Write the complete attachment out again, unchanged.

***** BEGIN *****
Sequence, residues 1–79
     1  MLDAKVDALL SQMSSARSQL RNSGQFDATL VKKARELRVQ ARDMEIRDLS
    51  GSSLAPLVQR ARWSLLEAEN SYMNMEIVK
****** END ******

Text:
Sequence, residues 1–79
     1  MLDAKVDALL SQMSSARSQL RNSGQFDATL VKKARELRVQ ARDMEIRDLS
    51  GSSLAPLVQR ARWSLLEAEN SYMNMEIVK